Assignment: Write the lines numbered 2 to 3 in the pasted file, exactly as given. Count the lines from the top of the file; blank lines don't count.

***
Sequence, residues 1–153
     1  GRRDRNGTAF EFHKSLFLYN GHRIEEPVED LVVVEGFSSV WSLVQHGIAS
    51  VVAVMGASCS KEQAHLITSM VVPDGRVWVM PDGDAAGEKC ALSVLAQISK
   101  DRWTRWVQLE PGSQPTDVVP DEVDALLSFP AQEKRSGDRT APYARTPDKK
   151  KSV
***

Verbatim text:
     1  GRRDRNGTAF EFHKSLFLYN GHRIEEPVED LVVVEGFSSV WSLVQHGIAS
    51  VVAVMGASCS KEQAHLITSM VVPDGRVWVM PDGDAAGEKC ALSVLAQISK